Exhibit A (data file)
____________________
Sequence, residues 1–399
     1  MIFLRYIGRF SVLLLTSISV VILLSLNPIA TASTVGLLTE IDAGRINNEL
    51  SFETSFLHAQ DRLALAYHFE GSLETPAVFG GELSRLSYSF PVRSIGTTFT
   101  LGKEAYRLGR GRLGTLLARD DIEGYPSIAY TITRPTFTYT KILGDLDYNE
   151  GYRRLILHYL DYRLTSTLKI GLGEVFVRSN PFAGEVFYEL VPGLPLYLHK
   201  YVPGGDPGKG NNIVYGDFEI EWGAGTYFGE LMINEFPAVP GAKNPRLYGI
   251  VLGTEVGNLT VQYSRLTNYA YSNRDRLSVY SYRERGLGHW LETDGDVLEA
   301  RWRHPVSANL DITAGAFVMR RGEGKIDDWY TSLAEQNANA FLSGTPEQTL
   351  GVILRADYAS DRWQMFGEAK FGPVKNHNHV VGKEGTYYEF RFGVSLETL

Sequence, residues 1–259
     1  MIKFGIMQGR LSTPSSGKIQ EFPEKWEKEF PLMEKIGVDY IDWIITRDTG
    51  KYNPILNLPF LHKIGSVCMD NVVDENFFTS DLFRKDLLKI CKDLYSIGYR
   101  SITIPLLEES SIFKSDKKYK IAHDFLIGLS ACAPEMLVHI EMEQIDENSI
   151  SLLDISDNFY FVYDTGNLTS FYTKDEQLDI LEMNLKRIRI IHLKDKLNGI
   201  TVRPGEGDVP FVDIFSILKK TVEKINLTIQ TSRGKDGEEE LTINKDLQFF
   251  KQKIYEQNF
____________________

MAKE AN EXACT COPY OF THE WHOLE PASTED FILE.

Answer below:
Sequence, residues 1–399
     1  MIFLRYIGRF SVLLLTSISV VILLSLNPIA TASTVGLLTE IDAGRINNEL
    51  SFETSFLHAQ DRLALAYHFE GSLETPAVFG GELSRLSYSF PVRSIGTTFT
   101  LGKEAYRLGR GRLGTLLARD DIEGYPSIAY TITRPTFTYT KILGDLDYNE
   151  GYRRLILHYL DYRLTSTLKI GLGEVFVRSN PFAGEVFYEL VPGLPLYLHK
   201  YVPGGDPGKG NNIVYGDFEI EWGAGTYFGE LMINEFPAVP GAKNPRLYGI
   251  VLGTEVGNLT VQYSRLTNYA YSNRDRLSVY SYRERGLGHW LETDGDVLEA
   301  RWRHPVSANL DITAGAFVMR RGEGKIDDWY TSLAEQNANA FLSGTPEQTL
   351  GVILRADYAS DRWQMFGEAK FGPVKNHNHV VGKEGTYYEF RFGVSLETL

Sequence, residues 1–259
     1  MIKFGIMQGR LSTPSSGKIQ EFPEKWEKEF PLMEKIGVDY IDWIITRDTG
    51  KYNPILNLPF LHKIGSVCMD NVVDENFFTS DLFRKDLLKI CKDLYSIGYR
   101  SITIPLLEES SIFKSDKKYK IAHDFLIGLS ACAPEMLVHI EMEQIDENSI
   151  SLLDISDNFY FVYDTGNLTS FYTKDEQLDI LEMNLKRIRI IHLKDKLNGI
   201  TVRPGEGDVP FVDIFSILKK TVEKINLTIQ TSRGKDGEEE LTINKDLQFF
   251  KQKIYEQNF